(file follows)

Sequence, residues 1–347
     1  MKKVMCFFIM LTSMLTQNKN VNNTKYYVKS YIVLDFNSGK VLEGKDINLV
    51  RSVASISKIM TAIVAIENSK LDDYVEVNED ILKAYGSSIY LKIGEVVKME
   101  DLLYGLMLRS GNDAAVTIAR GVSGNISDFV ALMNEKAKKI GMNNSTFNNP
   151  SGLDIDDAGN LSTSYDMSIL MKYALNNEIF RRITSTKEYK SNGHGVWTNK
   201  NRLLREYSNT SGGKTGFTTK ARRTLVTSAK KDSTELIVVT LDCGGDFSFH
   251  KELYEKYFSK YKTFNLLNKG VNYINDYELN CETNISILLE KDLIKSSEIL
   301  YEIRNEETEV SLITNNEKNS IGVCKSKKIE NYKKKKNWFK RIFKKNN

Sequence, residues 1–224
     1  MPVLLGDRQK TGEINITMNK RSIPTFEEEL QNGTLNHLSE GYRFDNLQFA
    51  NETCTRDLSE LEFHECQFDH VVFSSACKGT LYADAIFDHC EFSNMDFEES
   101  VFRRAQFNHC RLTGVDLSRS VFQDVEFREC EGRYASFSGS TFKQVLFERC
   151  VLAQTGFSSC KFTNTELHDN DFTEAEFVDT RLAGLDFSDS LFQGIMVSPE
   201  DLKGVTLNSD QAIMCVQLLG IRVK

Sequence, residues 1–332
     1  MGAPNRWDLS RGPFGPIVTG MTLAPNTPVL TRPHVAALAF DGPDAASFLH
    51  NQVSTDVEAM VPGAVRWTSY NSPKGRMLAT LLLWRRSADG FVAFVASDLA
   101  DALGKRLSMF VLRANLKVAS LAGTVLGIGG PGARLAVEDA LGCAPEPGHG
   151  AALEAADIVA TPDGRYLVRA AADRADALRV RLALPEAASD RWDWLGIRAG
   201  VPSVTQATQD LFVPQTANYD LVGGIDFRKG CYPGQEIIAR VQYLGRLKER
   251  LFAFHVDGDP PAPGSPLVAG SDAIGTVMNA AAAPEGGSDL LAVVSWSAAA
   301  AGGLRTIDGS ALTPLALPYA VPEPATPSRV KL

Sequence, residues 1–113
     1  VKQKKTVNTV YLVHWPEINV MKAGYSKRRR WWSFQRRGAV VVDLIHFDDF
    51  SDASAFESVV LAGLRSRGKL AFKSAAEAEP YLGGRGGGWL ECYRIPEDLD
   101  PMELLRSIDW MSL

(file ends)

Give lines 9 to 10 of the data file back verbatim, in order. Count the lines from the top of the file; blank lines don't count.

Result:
Sequence, residues 1–224
     1  MPVLLGDRQK TGEINITMNK RSIPTFEEEL QNGTLNHLSE GYRFDNLQFA